- A temporary organ joining the mother and fetus, the placenta transfers oxygen and nutrients from the mother to the fetus, and permits the release of carbon dioxide and waste products from the fetus. It is roughly disk-shaped, and at full term measures about seven inches in diameter and a bit less than two inches thick. The upper surface of the placenta is smooth, while the under surface is rough. The placenta is rich in blood vessels. The placenta is expelled during the birth process with the fetal membranes; together, these structures form the afterbirth.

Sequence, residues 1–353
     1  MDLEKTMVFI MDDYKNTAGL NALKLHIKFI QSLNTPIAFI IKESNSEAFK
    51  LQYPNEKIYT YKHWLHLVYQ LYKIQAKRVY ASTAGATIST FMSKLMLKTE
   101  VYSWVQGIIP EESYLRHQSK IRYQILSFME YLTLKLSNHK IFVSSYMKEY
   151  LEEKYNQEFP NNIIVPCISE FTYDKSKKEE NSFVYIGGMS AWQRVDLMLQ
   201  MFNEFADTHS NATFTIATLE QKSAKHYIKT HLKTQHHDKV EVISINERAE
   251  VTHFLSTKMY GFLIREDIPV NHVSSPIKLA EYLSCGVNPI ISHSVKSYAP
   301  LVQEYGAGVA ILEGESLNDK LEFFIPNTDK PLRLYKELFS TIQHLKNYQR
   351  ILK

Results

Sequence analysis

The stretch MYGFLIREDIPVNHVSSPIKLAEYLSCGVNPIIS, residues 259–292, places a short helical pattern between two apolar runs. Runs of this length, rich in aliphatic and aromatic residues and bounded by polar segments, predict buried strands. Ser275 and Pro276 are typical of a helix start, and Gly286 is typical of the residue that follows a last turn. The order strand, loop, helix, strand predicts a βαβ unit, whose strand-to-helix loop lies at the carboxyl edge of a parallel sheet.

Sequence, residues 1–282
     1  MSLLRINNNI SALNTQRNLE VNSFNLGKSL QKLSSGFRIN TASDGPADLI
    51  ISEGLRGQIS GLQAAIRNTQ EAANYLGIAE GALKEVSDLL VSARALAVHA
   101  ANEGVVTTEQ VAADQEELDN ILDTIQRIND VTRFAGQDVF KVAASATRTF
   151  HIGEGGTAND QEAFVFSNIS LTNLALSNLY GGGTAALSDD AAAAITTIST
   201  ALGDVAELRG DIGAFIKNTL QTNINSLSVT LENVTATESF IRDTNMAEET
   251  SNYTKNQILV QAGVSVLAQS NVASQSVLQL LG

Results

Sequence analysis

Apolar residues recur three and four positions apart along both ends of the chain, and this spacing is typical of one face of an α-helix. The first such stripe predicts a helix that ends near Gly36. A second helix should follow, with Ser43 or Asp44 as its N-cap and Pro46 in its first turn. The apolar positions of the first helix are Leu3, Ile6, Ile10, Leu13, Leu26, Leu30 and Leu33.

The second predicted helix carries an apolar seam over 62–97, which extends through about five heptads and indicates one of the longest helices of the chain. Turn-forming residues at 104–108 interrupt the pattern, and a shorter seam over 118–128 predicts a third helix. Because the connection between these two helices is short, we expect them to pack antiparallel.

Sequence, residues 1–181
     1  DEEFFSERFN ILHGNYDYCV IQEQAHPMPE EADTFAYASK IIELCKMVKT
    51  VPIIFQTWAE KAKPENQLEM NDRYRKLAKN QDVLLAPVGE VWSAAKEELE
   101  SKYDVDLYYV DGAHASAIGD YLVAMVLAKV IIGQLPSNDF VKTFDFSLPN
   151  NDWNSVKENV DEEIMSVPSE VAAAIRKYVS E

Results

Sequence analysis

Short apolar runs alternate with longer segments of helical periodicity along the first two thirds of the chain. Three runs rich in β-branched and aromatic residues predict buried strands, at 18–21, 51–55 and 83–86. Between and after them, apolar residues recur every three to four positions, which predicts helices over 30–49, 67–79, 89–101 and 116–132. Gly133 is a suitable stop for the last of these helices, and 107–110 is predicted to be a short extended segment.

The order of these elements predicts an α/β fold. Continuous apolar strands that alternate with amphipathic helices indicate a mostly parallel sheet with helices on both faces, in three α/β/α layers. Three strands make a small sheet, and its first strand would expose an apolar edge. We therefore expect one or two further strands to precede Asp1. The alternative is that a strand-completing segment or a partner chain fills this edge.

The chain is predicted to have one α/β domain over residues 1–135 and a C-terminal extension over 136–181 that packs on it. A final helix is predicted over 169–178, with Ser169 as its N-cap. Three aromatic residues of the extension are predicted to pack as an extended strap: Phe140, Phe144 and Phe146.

* * *Organ of metabolic interchange between fetus and mother. It has a portion of embryonic origin, derived from a highly developed area of the outermost embryonic membrane (chorion frondosum), and a maternal portion formed by a modification of the part of the uterine mucosa (decidua basalis) in which the chorionic vesicle is implanted. Within the p., the chorionic villi, with their contained capillaries carrying blood of the embryonic circulation, are exposed to maternal blood in the intervillous spaces in which the villi lie; no direct mixing of fetal and maternal blood occurs, but the intervening tissue (the placental membrane) is sufficiently thin to permit the absorption of nutritive materials, oxygen, and some harmful substances, like viruses, into the fetal blood and the release of carbon dioxide and nitrogenous waste from it. At term, the human p. is disk shaped, about 4 cm in thickness and 18 cm in diameter, and averages about 16 to 17 the weight of the fetus; its fetal surface is smooth, being formed by the adherent amnion, with the umbilical cord normally attached near its center; the maternal surface of a detached p. is rough because of the torn decidual tissue adhering to the chorion and shows lobular elevations called cotyledons or lobes. [L. a cake]- accessory p. a mass of placental tissue distinct from the main p.. SYN: succenturiate p., supernumerary p..- p. accreta the abnormal adherence of the chorionic villi to the myometrium, associated with partial or complete absence of the decidua basalis and, in particular, the stratum spongiosum. SEE ALSO: p. percreta.- anular p. a p. in the form of a band encircling the interior of the uterus. SYN: ring-shaped p., zonary p..- battledore p. a p. in which the umbilical cord is attached at the border; so called because of the fancied resemblance to the racquet (racket) used in battledore, a precursor to badminton.- bidiscoidal p. a p. with two separate disc-shaped portions attached to opposite walls of the uterus, normal for certain monkeys and shrews, and occasionally found in humans.- p. bipartita SYN: p. biloba.- chorioallantoic p. a p. (such as that of primates) in which the chorion is formed by the fusion of the allantoic mesoderm and vessels to the inner face of the serosa.- chorioamnionic p. a form of placentation in which the amnion is fused to the inside of the chorion, thus permitting interchange of water and electrolytes between mother and fetus.- p. circumvallata a cup-shaped p. with raised edges, having a thick, round, white, opaque ring around its periphery; a portion of the decidua separates the margin of the p. from its chorionic plate; the remainder of the chorionic surface is normal in appearance, but the fetal vessels are limited in their course across the p. by the ring. SEE ALSO: p. marginata, p. reflexa.- cotyledonary p. a p. in which the substance is divided into lobes or cotyledons.- dichorionic diamnionic p. twin p..- p. diffusa SYN: p. membranacea.- disperse p. a p. in which the umbilical arteries divide dichotomously before entering the placental substance.- p. duplex a p. consisting of two parts, almost entirely detached, being united only at the point of attachment of the cord. See p. biloba. SYN: p. dimidiata.- endotheliochorial p. a p. in which the chorionic tissue penetrates to the endothelium of the maternal blood vessel s.- endothelio-endothelial p. a p. in which the endothelium of the maternal vessels comes in direct contact with the endothelium of the fetal vessels to form the placental barrier.- epitheliochorial p. a p. in which the chorion is merely in contact with, and does not erode, the endometrium.- p. extrachorales a p. in which the chorionic plate is limited by a thin membranous fold at the edge.- p. fenestrata a p. in which there are areas of thinning, sometimes extending to entire absence of placental tissue.- fetal p., p. fetalis the chorionic portion of the p., containing the fetal blood vessel s, from which the umbilical cord develops; specifically, in humans, it develops from the chorion frondosum. SYN: pars fetalis placentae.- hemochorial p. the type of p., as in humans and some rodents, in which maternal blood is in direct contact with the chorion.- hemoendothelial p. the type of p., as in rabbits, in which the trophoblast becomes so attenuated that, by light microscopy, maternal blood appears to be separated from fetal blood only by the endothelium of the chorionic capillaries.- horseshoe p. an exaggerated p. reniformis curved in the form of a horseshoe; present in some twin pregnancies.- incarcerated p. SYN: retained p..- labyrinthine p. a p. in which maternal blood circulates through channels within the fetal syncytiotrophoblast.- p. marginata a p. with raised edges, less pronounced than the p. circumvallata. SEE ALSO: p. reflexa.- maternal p. SYN: pars uterina placentae.- p. membranacea an abnormally thin p. covering an unusually large area of the uterine lining. SYN: p. diffusa.- p. multiloba a p. having more than three lobes separated from each other by simple constrictions, the fetus being single. SYN: p. multipartita.- p. multipartita SYN: p. multiloba.- nondeciduous p. a p. in which the fetal p. is cast off, leaving the uterine mucosa intact ( e.g., an epitheliochorial p.).- p. panduraformis a form of p. dimidiata with the two halves placed side by side in a shape suggestive of a lutelike musical instrument (pandura).- p. percreta the term applied when the villi have invaded the full thickness of myometrium to or through the serosa of the uterus, causing incomplete or complete uterine rupture, respectively. SEE ALSO: p. accreta.- p. previa the condition in which the p. is implanted in the lower segment of the uterus, extending to the margin of the internal os of the cervix or partially or completely obstructing the os. SYN: placental presentation.- p. previa centralis p. previa in which the p. entirely covers the internal os of the cervix. SYN: central p. previa, total p. previa.- p. previa marginalis p. previa in which the p. comes to the margin of, but does not occlude, the internal os of the cervix.- p. previa partialis p. previa in which the internal os of the cervix is partially covered by placental tissue.- p. reflexa an anomaly of the p. in which the margin is thickened so as to appear turned back upon itself. SEE ALSO: p. circumvallata, p. marginata.- p. reniformis a kidney-shaped p..- retained p. incomplete separation of the p. and its failure to be expelled at the usual time after delivery of the child. SYN: incarcerated p..- ring-shaped p. SYN: anular p..- p. triloba SYN: p. tripartita.- p. tripartita a p. consisting of three parts almost entirely separate, being joined together only by the blood vessel s of the umbilical cord; the fetus is single. SYN: p. triloba, p. triplex.- p. triplex SYN: p. tripartita.- twin p. the p.(s) of a twin pregnancy; if dizygotic, the placentas may be separate or fused, the latter retaining two amnionic and two chorionic sacs (dichorionic diamnionic p.); if monozygotic, the p. may be a monochorionic monoamnionic p. or monochorionic diamnionic p., depending on the stage at which twinning took place; if twinning occurs early, there may be a fused p. with two chorionic and two amnionic membranes.- p. uterina SYN: pars uterina placentae.- p. velamentosa a p. in which the umbilical cord is attached to the adjoining membranes, with the umbilical vessels spread out and entering the p. independently.